Court battle brewing over church

June 17, 2009 4:43:49 PM PDT
Parishioners of a Catholic church damaged by Hurricane Ike are now headed to federal court to try to save it. They want to stop the diocese from tearing down Our Mother of Mercy Catholic Church on Bolivar Peninsula.

"Because of the Eucharist, I will never leave my faith, but I am so disappointed in the diocese, and what they are doing to us it is ungodly," said parishioner Joyce Simpleton.

"Our faith has already been so shaken with everything that happened around here. With Hurricane Ike, we've already lost our homes, our businesses," said parishioner Senseney Hemmings. "Every other religion has been here to check on us and offer us things, except for our own religion, and now they want to come in and tear down our church. I feel like they've abandoned us."

These neighbors live on Bolivar and are used to harsh weather and harsh living conditions, But it's what they consider harsh treatment by the archdiocese that is unbearable.

The Our Mother of Mercy Catholic Church was closed by the archdiocese after Ike. A lawsuit filed by parishioners has temporarily stopped demolition. That lawsuit has now moved to federal court.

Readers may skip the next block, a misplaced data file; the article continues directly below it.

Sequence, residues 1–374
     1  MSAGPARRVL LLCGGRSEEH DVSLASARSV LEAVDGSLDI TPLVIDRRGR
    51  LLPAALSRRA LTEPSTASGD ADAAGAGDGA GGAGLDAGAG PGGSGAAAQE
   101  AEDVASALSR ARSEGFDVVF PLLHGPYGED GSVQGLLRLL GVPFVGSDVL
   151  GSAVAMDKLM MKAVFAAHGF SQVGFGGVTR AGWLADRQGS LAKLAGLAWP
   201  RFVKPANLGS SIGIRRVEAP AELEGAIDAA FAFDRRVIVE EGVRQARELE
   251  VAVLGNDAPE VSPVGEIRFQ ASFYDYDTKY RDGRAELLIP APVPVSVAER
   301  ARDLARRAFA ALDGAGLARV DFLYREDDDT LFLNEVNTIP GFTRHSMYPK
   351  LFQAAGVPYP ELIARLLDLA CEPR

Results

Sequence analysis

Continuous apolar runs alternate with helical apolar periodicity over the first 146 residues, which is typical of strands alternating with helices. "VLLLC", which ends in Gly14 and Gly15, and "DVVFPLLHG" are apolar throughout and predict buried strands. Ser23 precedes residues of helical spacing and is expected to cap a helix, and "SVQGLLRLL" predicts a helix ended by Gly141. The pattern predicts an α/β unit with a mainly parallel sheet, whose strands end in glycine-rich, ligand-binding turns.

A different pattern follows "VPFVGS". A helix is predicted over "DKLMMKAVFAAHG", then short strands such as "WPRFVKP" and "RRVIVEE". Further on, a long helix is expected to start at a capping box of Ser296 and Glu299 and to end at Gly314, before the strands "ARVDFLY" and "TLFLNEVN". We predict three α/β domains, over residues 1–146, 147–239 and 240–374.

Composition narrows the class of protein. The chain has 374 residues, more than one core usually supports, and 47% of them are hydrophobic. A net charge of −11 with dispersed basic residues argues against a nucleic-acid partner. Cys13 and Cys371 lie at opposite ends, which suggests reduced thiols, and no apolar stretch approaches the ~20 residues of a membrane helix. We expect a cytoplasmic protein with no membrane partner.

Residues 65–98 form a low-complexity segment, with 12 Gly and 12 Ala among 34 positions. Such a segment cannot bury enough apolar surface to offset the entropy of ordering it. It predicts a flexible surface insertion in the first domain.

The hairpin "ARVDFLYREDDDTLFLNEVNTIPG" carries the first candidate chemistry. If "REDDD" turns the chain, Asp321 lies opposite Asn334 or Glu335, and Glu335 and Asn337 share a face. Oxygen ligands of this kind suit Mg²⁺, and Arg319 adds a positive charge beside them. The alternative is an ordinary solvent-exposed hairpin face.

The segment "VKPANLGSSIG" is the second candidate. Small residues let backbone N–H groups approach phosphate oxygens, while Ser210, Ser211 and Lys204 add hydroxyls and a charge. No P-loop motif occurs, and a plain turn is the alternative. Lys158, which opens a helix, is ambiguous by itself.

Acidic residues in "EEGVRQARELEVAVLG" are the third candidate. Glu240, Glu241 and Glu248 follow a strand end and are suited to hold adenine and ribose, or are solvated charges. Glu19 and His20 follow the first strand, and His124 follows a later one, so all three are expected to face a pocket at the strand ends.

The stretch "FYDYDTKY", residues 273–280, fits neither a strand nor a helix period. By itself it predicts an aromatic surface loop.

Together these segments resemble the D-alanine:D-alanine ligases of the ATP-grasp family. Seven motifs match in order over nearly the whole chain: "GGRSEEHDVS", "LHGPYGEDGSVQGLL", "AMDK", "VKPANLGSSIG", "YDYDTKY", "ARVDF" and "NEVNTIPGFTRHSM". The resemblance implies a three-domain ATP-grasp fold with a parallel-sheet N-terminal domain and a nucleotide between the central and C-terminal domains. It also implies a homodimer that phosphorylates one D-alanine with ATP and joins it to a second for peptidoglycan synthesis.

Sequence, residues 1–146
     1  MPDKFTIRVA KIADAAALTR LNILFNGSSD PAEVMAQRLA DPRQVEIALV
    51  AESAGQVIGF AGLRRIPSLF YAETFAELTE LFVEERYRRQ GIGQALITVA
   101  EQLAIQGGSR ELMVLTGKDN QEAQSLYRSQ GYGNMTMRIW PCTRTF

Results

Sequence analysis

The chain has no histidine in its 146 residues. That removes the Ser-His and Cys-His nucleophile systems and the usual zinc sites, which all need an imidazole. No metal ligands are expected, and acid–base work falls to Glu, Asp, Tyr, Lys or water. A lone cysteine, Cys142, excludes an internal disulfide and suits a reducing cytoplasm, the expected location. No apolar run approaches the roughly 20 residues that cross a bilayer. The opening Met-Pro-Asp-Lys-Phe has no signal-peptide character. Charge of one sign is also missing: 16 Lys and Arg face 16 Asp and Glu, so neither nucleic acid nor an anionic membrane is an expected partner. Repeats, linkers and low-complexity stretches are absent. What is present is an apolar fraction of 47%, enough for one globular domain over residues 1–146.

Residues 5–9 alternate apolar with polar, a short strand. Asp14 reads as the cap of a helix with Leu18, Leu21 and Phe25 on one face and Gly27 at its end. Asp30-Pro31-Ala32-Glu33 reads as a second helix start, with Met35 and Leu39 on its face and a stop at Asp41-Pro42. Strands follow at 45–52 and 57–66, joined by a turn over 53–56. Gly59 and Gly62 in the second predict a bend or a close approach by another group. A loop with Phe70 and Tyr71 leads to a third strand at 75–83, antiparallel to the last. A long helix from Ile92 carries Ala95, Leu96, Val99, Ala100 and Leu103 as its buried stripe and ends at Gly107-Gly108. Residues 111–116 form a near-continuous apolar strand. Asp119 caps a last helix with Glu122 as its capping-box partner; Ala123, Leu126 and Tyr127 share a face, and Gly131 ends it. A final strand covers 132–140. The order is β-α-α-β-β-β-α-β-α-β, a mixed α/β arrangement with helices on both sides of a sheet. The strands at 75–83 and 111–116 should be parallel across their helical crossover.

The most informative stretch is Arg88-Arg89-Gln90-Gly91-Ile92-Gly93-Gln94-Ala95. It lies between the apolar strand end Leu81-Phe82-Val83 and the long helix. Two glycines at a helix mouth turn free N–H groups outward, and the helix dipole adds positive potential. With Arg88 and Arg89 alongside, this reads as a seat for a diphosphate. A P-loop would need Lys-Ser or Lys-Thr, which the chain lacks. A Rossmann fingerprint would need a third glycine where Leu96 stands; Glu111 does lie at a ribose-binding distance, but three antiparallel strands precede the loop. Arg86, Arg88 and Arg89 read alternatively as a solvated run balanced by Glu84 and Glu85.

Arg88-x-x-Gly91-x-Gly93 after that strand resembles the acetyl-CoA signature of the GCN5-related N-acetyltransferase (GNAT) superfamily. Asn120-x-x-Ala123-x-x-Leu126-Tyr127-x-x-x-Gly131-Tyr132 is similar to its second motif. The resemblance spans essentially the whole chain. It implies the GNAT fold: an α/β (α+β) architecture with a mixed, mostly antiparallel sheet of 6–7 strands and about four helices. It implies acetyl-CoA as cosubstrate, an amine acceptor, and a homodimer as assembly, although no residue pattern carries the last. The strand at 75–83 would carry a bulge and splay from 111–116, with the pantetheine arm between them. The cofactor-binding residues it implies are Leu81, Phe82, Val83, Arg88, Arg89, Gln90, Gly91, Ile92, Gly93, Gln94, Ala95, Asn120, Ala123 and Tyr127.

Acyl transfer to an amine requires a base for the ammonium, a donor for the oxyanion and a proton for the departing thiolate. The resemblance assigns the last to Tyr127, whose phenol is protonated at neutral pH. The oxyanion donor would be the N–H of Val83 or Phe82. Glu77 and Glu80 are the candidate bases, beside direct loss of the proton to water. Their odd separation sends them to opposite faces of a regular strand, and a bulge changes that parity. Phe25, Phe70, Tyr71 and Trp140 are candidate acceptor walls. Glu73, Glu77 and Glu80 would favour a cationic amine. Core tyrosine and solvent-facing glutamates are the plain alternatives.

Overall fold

The archdiocese asked the case be dismissed, saying, "Asserting that the first amendment prohibits its courts from taking sides in the internal church dispute, the archdiocese has accompanied its notice of removal with a motion to dismiss the lawsuit."

Judy Shaw is fighting back. She says the proof is in pictures she took inside the church after Ike. [SEE THE PHOTOS]

Shaw and the rest of the parishioners say their church can be repaired.

"I feel that they know that they have more money than us," she said. "We can't afford to go to federal court, don't have the money to go to federal court. They know that, but we're gonna try and do what we can do."

In the meantime, some are taking a more drastic approach by emailing the Pope.

"The archdiocese that is supposed to be representing us isn't helping us in any way, so were crying out to the Pope. We're gonna go to the top level, the highest we can go," said Hemming.

The archdiocese says putting a church on Crystal Beach would be best. In the meantime, they plan to have temporary accommodations at Crenshaw School, so people on Bolivar can attend Catholic mass.

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